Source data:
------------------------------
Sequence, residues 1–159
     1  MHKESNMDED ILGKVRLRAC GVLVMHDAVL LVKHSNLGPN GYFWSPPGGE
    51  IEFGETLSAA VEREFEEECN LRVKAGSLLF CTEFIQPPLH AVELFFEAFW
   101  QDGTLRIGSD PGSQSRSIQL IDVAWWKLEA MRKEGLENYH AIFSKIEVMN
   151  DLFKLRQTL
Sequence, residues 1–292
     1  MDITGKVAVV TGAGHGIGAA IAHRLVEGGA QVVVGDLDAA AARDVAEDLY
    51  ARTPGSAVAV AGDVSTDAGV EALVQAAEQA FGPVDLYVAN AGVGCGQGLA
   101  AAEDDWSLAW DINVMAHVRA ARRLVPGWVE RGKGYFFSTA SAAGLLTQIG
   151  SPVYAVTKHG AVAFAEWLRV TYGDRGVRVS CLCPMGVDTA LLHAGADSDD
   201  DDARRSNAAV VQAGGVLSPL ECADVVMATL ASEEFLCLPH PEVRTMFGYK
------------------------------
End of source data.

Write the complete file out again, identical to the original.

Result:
Sequence, residues 1–159
     1  MHKESNMDED ILGKVRLRAC GVLVMHDAVL LVKHSNLGPN GYFWSPPGGE
    51  IEFGETLSAA VEREFEEECN LRVKAGSLLF CTEFIQPPLH AVELFFEAFW
   101  QDGTLRIGSD PGSQSRSIQL IDVAWWKLEA MRKEGLENYH AIFSKIEVMN
   151  DLFKLRQTL
Sequence, residues 1–292
     1  MDITGKVAVV TGAGHGIGAA IAHRLVEGGA QVVVGDLDAA AARDVAEDLY
    51  ARTPGSAVAV AGDVSTDAGV EALVQAAEQA FGPVDLYVAN AGVGCGQGLA
   101  AAEDDWSLAW DINVMAHVRA ARRLVPGWVE RGKGYFFSTA SAAGLLTQIG
   151  SPVYAVTKHG AVAFAEWLRV TYGDRGVRVS CLCPMGVDTA LLHAGADSDD
   201  DDARRSNAAV VQAGGVLSPL ECADVVMATL ASEEFLCLPH PEVRTMFGYK